On Sun, Jun 25, 2006 at 04:49:03PM +0100, Daniel P. Berrange wrote:
> On Fri, Jun 23, 2006 at 05:48:08PM -0600, Jim Fehlig wrote:
> > Ewan Mellor wrote:
> > >In particular, we need to get this API into a state so that it is the right
> > >API for Xen-CIM. We need to think whether libvirt is ready to rely upon
> > >this
> > >API too. That would mean moving the hypercalls and Xenstore reads and
> > >writes
> > >out of libvirt, and pushing it up the stack alongside the other client-side
> > >bindings.
> > >
> > Is it realistic to use XML-RPC for tasks such as resource monitoring?
> > Seems like there should be an optional, lower-latency, lighter-weight
> > mechanism to retrieve things such as host_cpu.utilisation,
> > VBD.IO_bandwidth/incoming_kbs, etc. (Makes me thing of Uncertainty
> > Principle or Observer Effect, i.e. we crank up cpu utilization by asking
> > for cpu utilization :-)). I guess the hypercalls and Xenstore
> > reads/writes mentioned above would still exist but not be part of the
> > "guarantees" for Xen.
> Even if there were a optional high peformance channel for these stats,
> it would still be desirable to adjust the APIs to make it possible to
> retrieve all the statistics associated with a guest (CPU, network,
> disk utilization, etc) in a single XML-RPC call - with the current API
> you'd have to make 3 separate calls - one per guest device you want
> stats from which compounds the performance hit.
That's a good idea -- we'll certainly want to include that.
> > Many of the RPCs return void, e.g. VM.start(), VM.pause(), etc. How are
> > failures indicated? Via the Status and ErrorDescription elements of
> > return value struct?
Yes, that's right. Status may be "Failure", implying the presence of the
ErrorDescription array, regardless of the fact that the function returns
void. It's effectively an exception "thrown" over the wire.
> I would like to see an explicit set of error/exception conditions documented
> against each API. When writing apps against the API it is important to know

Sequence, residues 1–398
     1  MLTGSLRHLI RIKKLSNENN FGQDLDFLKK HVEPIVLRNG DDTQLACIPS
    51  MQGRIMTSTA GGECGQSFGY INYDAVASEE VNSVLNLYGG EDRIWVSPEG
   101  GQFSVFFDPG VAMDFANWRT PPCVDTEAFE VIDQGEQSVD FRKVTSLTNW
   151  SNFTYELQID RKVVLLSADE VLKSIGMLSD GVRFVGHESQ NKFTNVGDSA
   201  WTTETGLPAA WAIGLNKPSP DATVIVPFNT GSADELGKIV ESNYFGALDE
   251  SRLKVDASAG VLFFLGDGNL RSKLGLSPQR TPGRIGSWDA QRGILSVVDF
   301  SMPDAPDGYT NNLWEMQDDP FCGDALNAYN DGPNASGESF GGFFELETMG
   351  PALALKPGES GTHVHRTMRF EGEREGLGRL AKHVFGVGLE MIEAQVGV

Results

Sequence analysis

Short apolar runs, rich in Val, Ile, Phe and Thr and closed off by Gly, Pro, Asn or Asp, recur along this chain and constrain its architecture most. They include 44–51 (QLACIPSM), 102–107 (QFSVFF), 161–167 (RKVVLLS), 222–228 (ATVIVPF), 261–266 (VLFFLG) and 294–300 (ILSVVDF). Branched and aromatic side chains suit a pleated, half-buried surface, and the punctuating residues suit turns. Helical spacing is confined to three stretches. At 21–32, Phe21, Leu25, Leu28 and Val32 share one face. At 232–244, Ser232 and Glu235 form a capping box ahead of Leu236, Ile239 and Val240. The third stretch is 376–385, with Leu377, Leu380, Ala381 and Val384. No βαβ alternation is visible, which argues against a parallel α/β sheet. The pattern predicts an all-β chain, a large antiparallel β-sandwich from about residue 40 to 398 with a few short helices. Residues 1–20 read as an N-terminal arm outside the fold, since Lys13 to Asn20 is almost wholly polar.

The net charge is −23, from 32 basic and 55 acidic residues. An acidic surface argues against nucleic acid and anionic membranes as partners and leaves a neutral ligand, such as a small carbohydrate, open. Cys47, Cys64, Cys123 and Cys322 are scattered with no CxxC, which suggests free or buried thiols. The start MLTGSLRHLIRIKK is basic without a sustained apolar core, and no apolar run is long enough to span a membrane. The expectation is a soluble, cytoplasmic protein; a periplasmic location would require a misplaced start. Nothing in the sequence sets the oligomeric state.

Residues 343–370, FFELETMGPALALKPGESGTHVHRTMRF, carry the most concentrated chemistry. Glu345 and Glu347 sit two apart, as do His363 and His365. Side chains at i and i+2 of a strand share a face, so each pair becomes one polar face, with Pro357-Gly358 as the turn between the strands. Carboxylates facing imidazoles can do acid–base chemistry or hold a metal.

> what failure scenarios one has to be aware of. I realize some of the failures
> scenarios won't become clear until the server side implementation is actually
> written, but it ought to be possible to identify an initial set of errors
> for each API, and add others later as they become known. If the errors can
> be enumerated then it ought to be possible to associate an explicit
> name or number against each, to allow them to be handled without resorting
> to string comparisons on the description field.
Certainly, I'd like to see a list of expected failures. We need to be able to
standardise that list so that people can internationalise their clients, in
> Moving on to a different topic, I've a couple of questions around the topic
> of authentication:
> * Section 1.4.2 states that all clients must login & initiate a session
> before making any of the other XML-RPC calls. Is there any provision
> made for anonymous access. For an application which merely wants to read
> information about guest VM state it would preferrable to have access
> without needing to prompt the user for a login/password.
> Could the requirement to always login be relaxed, and instead annotate
> each API to indicate whether anonymous (read-only) access is allowed
> * What is the motivation for implementing an explicit login_with_password
> method rather than utilizing the existing HTTP authentication protocols ?
We discussed this on xen-devel last week -- HTTP auth doesn't seem to be
widely supported, so we didn't want to rely upon it. Also, this way we can
use the XML-RPC over something other than HTTP (such as a raw unix domain
> The proposed login API utilizing a simple username/password pair is quite
> limiting, preventing the use of any of the more advanced authentication
> protocols such as challenge/response, public / private key, kerberos
> ticket passing.
> The latter would be particuarly important if the apps using this API want
> to integrate with any kind of single sign on system. Perhaps it would be
> possible to define a more advanced login process which could be backed by
> something like SASL
What would be involved in making this work? The username / password is
already a step up for Xen -- how complicated is SASL or similar?
> * What is the lifetime of sessions ? I assume they persist across distinct
> HTTP connections for the case where the client isn't using keep-alive.
> Will there, however, be any form of timeout, after which the client will
> implicitly be logged out.
No timeout is specified at the moment -- do we want one? This could be a
configuration option to Xend with little effort.
> Minor question on the 'bios_boot_option' enumeration - rather than hardcoding
> a list of floppy/hd/cdrom, could the bootable device field instead simply be
> a UUID refering to one of the VDB devices defined for the domain ?
That's a nice idea. We'll certainly roll that into the API.
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